Making stuff as a founder of Avocado. Former music-maker. Tuna melt advocate. Started Google Reader. (But smarter people made it great.)

Single-source feed readers can be improved.

There's been some recent developments in single-vendor or limited-vendor reading software and I wonder if this is the best direction for vendors with highly-desirable content, particularly when there's clear and widespread interest in creating software that helps people overcome information overload from multiple sources.

Screenshot of the TimesReader, a single-source collaboration between Micrsoft and The New York Times. Image captured by Flickr user, sdk
TimesReader screenshot.

I sympathize with content vendors, they must be frustrated by what appears to be a devaluing of their product, especially due to feed syndication. But why not leverage the popularity of others' content alongside their own? If they feel they have to attempt a branded strategy I suspect they could improve their success in a competitive market and address the needs of their readers by creating a feed reader that can read any public feed from any site and whose added value is that of delivering, as full content, stuff previously only released as snippets or partial feeds.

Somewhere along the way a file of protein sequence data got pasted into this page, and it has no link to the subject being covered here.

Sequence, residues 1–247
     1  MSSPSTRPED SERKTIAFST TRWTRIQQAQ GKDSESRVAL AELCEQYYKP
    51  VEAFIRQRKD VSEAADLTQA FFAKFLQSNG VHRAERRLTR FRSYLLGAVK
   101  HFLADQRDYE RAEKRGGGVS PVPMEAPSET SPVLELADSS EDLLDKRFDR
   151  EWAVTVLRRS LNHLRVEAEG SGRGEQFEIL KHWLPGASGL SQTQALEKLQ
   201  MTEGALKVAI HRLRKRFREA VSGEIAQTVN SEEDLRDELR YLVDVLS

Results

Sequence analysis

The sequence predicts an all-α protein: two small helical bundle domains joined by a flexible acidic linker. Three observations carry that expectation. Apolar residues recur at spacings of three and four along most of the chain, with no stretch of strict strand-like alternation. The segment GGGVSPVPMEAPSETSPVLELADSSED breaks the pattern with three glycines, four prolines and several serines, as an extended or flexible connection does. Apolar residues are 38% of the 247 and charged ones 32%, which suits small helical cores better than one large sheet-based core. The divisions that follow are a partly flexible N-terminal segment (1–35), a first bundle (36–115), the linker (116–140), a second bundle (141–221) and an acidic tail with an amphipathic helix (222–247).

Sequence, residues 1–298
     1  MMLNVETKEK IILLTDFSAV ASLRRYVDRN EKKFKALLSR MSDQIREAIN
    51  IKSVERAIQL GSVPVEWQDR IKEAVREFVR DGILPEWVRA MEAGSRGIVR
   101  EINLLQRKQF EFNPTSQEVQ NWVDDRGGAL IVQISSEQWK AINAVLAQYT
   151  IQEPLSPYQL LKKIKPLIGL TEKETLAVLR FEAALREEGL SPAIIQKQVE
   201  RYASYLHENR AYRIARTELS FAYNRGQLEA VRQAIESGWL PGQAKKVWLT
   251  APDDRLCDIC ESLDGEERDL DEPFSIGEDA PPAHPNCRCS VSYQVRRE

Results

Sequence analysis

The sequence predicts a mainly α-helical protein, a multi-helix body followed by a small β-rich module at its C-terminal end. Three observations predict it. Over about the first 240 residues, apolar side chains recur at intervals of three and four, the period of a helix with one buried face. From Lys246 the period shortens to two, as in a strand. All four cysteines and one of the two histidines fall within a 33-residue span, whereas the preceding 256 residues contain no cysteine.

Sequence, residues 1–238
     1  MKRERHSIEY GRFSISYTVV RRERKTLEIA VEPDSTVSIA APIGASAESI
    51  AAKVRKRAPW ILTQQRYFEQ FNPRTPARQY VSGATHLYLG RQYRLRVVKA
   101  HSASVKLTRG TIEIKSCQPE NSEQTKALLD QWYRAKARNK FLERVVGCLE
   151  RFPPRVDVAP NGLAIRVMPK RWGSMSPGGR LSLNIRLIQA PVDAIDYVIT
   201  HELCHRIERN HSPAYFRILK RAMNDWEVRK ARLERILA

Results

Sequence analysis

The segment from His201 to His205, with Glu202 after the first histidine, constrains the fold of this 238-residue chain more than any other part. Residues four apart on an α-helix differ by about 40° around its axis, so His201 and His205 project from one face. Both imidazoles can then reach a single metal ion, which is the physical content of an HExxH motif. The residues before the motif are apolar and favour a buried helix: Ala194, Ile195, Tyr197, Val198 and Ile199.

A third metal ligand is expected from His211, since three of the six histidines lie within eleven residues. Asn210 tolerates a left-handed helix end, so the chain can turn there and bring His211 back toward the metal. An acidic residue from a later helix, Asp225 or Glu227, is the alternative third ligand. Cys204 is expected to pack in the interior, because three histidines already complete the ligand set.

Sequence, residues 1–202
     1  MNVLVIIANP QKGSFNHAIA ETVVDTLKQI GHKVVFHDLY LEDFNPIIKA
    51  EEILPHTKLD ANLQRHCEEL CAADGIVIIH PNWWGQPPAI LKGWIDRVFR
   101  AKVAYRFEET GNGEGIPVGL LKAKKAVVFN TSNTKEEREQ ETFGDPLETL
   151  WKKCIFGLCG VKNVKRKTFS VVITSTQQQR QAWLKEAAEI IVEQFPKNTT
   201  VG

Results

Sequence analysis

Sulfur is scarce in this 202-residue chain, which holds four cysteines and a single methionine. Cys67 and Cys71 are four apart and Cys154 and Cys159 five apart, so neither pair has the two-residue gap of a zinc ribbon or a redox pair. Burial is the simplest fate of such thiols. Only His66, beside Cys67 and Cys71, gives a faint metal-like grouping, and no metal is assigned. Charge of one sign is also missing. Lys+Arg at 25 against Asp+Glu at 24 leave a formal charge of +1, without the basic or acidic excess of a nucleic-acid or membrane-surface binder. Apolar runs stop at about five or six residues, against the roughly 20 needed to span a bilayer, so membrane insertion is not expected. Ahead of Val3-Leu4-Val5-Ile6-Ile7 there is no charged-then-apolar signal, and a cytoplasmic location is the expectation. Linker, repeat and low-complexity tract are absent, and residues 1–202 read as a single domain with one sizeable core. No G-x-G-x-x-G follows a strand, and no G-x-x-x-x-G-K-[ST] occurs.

Except that, as I can attest to personally, creating a world-class feed reader that can compete in this space is very, very difficult.

The New York Times has partnered with Microsoft to help create an offline reader, so I wonder if we'll see vendor relationships with web software companies that can scale to world readership. If so, would these efforts be about creating extended-single-source readers or would they explore some other kind of partnerships?

I'm not exactly wondering idly.
posted at February 25, 2007, 7:39 PM


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